One year into the Covid-19 pandemic, Salisbury had its safest year on record with fewer crimes, better fire and EMS response times and help for the homeless and vulnerable populations.
“Delivering this kind of news never gets old,” City Administrator Julia Glanz said Tuesday on the one-year anniversary of a statewide lockdown on restaurants, businesses and other public places.
“Literally overnight everything was different,” she said. “It was the beginning of one of the strangest and most frightening times in the nation’s history.”
The city also took measures to help slow the spread of the virus by enacting its own restrictions and by protecting the homeless and other vulnerable populations.
City officials opened a camp in Lake Street Park for the city’s homeless population, and eventually moved them into more permanent housing. A cold weather shelter remained Covid-free during the entire winter, Glanz said.
The pandemic affected all aspects of city government, but its impact was significant at the Salisbury Police Department.
“This was a very interesting year for us,” said Chief Barbara Duncan.
The department was short-staffed at times over the past year when 22 members tested positive for Covid-19, she said. Another 83 people had to be quarantined for 14 days after they were exposed to the virus.
But the pandemic also created a significant decrease in calls for service. The department normally receives between 50,000 to 60,000 calls each year, but that dropped to 43,015, Duncan said.
The department also reported that its rate for Part 1 crimes, such as murder, burglary and assault, decreased over the past decade from 2,688 in 2010 to 1,319 in 2020. Duncan said the department is working to bring that number below 1,000.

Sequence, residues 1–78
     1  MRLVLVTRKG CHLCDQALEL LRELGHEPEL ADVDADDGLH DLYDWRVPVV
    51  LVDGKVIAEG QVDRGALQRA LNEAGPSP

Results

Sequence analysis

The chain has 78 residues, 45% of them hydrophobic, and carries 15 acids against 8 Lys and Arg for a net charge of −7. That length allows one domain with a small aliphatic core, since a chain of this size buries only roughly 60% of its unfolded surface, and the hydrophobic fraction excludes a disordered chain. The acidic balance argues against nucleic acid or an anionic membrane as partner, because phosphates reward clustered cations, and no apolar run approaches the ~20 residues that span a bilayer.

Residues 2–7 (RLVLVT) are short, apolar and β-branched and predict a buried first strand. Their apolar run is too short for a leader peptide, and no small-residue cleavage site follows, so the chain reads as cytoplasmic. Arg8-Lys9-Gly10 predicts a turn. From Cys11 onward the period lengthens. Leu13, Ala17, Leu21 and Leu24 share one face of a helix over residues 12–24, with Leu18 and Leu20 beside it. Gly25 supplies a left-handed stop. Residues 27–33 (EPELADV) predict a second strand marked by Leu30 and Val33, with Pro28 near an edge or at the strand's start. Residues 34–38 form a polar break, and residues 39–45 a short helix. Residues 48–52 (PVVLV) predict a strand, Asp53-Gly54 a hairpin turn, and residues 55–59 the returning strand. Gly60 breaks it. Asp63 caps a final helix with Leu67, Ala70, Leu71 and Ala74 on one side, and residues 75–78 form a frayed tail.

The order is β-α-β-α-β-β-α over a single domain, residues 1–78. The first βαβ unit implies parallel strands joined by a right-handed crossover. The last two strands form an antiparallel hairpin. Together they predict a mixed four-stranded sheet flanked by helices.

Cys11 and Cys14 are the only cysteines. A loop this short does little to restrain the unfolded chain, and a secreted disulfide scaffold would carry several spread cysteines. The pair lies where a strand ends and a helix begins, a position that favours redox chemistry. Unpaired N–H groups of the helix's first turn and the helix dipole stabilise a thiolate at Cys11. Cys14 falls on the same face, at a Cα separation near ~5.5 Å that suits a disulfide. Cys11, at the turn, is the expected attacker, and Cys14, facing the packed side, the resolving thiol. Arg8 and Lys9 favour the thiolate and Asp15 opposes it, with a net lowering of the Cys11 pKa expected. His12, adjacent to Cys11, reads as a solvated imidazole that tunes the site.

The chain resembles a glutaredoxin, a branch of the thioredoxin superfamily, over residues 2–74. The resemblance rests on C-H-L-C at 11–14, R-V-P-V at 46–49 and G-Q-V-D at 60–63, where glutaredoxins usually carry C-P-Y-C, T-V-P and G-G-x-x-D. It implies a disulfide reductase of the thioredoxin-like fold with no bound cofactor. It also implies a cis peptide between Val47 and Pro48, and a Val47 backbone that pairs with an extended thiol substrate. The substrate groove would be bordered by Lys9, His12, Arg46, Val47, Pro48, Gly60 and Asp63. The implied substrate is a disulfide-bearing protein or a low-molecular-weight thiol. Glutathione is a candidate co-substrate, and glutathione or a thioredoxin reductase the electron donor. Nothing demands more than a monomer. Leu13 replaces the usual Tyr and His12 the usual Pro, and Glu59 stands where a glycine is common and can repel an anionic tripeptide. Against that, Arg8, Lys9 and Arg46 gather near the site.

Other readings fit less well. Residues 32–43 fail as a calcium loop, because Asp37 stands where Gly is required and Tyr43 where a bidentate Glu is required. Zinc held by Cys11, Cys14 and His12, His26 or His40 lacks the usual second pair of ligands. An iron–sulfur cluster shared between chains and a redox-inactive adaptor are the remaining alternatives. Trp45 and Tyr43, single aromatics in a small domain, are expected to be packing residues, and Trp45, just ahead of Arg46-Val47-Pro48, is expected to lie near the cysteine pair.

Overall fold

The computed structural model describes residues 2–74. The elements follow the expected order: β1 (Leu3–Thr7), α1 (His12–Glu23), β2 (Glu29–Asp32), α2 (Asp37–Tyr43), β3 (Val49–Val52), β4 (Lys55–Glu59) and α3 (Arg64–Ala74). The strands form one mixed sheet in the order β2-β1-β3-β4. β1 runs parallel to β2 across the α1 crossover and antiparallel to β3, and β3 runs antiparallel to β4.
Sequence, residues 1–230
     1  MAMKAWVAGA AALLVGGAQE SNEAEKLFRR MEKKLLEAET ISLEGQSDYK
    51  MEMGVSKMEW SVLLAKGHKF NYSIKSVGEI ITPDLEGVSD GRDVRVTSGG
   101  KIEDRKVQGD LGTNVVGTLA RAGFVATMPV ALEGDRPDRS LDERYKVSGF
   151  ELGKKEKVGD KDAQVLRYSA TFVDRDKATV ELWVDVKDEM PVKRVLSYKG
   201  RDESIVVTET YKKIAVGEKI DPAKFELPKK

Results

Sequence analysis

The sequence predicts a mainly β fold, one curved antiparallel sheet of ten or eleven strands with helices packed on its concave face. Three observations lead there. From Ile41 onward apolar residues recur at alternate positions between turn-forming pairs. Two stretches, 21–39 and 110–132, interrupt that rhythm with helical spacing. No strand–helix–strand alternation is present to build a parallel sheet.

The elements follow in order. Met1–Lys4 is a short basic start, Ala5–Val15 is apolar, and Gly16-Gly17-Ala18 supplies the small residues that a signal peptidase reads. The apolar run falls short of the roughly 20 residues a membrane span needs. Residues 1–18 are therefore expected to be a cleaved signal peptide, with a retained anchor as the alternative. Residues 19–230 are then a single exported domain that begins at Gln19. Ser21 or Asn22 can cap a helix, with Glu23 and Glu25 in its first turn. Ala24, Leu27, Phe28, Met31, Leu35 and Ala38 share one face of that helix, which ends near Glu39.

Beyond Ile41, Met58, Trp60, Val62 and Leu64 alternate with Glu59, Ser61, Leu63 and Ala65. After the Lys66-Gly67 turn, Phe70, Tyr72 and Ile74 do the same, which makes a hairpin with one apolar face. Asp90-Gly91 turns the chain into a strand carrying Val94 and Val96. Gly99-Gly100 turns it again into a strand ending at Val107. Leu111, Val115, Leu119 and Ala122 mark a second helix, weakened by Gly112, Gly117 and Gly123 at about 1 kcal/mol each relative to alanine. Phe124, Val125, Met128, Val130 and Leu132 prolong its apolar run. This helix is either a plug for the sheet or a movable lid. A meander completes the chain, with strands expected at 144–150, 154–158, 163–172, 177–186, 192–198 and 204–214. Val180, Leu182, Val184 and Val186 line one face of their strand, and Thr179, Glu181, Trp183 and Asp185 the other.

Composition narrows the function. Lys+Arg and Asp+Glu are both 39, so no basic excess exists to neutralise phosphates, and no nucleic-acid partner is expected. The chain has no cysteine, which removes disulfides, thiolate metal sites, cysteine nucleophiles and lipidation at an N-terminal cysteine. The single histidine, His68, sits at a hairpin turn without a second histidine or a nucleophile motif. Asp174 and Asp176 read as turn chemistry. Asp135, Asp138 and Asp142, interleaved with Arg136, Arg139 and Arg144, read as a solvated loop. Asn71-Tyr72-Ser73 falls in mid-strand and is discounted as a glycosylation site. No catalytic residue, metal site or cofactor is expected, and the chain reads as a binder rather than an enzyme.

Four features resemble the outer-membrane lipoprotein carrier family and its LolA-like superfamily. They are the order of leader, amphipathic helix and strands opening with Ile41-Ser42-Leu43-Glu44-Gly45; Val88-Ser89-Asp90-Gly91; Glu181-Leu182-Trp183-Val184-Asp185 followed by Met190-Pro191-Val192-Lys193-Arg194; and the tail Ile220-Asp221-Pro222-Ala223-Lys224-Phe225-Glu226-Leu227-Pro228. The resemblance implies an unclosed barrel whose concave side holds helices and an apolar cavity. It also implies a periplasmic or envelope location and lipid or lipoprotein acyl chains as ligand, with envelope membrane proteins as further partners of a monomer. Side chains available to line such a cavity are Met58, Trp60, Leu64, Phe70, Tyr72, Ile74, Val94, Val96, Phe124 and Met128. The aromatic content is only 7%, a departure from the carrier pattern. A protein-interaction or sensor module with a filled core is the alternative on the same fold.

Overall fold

Over the same 10-year period, burglaries in Salisbury were down 54 percent, robbery decreased by 73 percent and aggravated assault was down 40 percent, she said.
Part of the success was attributed to the arrests of a few key people that had a significant impact, Duncan said. The department also worked with the Wicomico County Sheriff’s Office on some investigations.
At the Salisbury Fire Department, calls for service increased over the past decade by almost 30 percent, with 3,807 fire calls and 10,093 EMS calls, said Chief John Tull.
The department also made strides in response times, he said. In 2019, city firefighters responded to structure fires within 9 minutes 79 percent of the time. In 2020 with a goal of 90 percent, they achieved that 100 percent of the time.
The fire department also set a 90 percent goal for an 8-minute response to priority medical calls, and they achieved that 94 percent of the time, Tull said.
Another goal was to contain a fire to the room of origin 50 percent of the time. Firefighters exceeded that with 67 percent in 2020, which was up from 59 percent in 2019.
Tull attributed part of the department’s success to a federal grant that allowed him to hire 21 new members. The additional personnel mean full staffing at all three stations.
Glanz said city workers should be proud of their accomplishments during an unusual year.
“With all of the negative, it was an incredibly remarkable year for this team,” she said.